The opposite holds true if Roethlisberger has time to throw. Few teams went deep as well as Pittsburgh. Green Bay wasn’t exactly susceptible to the long ball, but they surrendered enough pass plays of greater than 20 yards to cause some concern in that area. Big Ben will use his strong arm and big play receiver Mike Wallace (21 yards per catch, 10 TDs) to test the Packer secondary.

Pittsburgh’s offensive advantage lies in the running game. The Steelers weren’t the league’s top rushing team, but they did manage 120 yards per game and more than four yards per carry behind 1273-yard rusher Rashard Mendenhall. Green Bay ranked only 18th against the run and surrendered 4.7 yards per attempt (28th). Green Bay’s task isn’t hopeless, however. Pittsburgh will find running in the red zone difficult. The Packers gave up only six rushing TDs all year (3rd) and, as stated earlier, the Steelers weren’t great inside the twenty.

When Green Bay has the ball

There’s no reason whatsoever for the Green Bay Packers to run the football Sunday night. James Starks did a fair job late in the year. But the Packers leading rusher, Brandon Jackson, averaged only 3.7 yards per carry. They ranked 24th in yards per game, 25th in yards per carry and rushed for only 11 touchdowns (18th). The lone bright spot for Green Bay’s running game is ball security; they fumbled only four times in the regular season.

Pittsburgh is by far the NFL stingiest run defense. Opponents rushed for only five touchdowns, averaged three yards per carry and 60 yards per game. Forget about the lethargic Packer running game breaking a big play. They had only four runs of more than 20 yards all year while Pittsburgh surrendered only one such run. Anything positive Green Bay can muster on the ground is a huge plus. But only a breakdown on the Steelers part will make that possible.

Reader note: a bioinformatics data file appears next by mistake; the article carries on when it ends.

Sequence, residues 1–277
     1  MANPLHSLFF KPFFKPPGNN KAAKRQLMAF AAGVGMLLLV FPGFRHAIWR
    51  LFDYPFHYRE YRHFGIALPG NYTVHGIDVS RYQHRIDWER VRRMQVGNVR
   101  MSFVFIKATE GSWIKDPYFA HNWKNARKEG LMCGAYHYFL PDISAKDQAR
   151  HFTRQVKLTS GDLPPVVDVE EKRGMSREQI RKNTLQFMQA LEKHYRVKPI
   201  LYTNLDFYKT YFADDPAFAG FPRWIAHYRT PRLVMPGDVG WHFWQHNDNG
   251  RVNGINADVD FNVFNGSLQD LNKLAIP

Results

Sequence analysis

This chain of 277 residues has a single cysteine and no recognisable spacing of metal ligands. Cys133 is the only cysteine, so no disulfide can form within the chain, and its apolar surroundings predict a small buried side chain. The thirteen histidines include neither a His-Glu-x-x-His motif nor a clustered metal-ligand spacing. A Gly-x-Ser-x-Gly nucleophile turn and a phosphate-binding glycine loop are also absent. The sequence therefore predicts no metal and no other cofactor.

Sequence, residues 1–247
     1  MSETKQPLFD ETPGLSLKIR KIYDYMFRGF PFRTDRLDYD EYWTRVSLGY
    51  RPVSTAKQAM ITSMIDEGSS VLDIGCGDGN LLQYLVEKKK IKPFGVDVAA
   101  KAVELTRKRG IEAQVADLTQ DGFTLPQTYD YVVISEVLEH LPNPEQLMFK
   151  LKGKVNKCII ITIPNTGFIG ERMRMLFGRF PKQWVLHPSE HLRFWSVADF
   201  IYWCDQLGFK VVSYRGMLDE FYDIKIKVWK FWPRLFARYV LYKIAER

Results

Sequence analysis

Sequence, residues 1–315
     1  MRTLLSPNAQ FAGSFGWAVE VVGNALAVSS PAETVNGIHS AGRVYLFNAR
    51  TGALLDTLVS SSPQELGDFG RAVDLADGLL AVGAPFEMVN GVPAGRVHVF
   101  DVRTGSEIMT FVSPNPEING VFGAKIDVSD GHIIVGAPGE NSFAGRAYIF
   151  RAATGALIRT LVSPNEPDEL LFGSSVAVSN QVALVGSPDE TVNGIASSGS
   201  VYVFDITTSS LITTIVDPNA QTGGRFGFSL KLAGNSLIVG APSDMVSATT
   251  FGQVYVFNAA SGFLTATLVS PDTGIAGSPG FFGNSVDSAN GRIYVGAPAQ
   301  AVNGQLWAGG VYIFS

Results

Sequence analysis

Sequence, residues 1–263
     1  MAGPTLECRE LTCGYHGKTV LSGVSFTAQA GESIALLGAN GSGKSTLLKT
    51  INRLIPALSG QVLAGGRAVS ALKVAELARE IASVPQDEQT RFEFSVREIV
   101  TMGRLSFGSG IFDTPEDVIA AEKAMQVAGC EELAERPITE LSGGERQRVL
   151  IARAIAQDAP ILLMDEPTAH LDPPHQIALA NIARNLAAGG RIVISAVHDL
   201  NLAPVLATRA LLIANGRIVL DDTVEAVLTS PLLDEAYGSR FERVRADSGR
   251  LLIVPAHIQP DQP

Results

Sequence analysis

The lack of a running game places the Packers chances squarely on Aaron Rogers. He’ll be harassed by the only pass rush to exceed Green Bay in QB sacks. Advantage Pittsburgh. Their pass rush won’t be slowed by the anemic Green Bay ground game. But Rogers is a strong-armed quarterback who is highly mobile and throws accurately on the run. There will be some opportunities if Rogers moves outside the pocket.

Green Bay’s advantage comes in completion percentage. Rogers had a 65-percent completion rate while opposing quarterbacks connected on 61-percent of their throws against Pittsburgh. The Packers need to make the passing game their form of ball control. Third down at any distance is tough against the rush happy Steelers. But Rogers can buy time with his feet and the Packers have enough receivers to spread the Pittsburgh defense. The Steelers must contain Rogers in the pocket where they can hit him often and force a fumble or an interception.

Special Teams

Neither team excelled on special teams, nor are there exploitable disparities between them in any area of the kicking or punting game. If there’s a special teams edge it belongs to the Steelers. Pittsburgh connected on 78-percent of their field goal attempts while Green Bay converted just 70-percent. That doesn’t seem like much, especially when neither team plays home games under kicker-friendly conditions. But the open end of Heinz Field makes it the NFL’s toughest venue for converting field goals. That degree of difficulty plus an eight point edge in accuracy percentage equals a clear advantage for the Steelers.

How does it end?

Aaron Rogers will have a sound game and the Packers will move the ball. But without a ground game to slow the Pittsburgh pass rush Green Bay will become one-dimensional, making it difficult to sustain drives. The Steelers should simply play their defense; stuff the run and pressure the quarterback. An interception or two will be more than the Packers can overcome. Pittsburgh pressure will make it difficult for the Packers receivers to finish their routes. Third and five or greater is Green Bay’s worst enemy.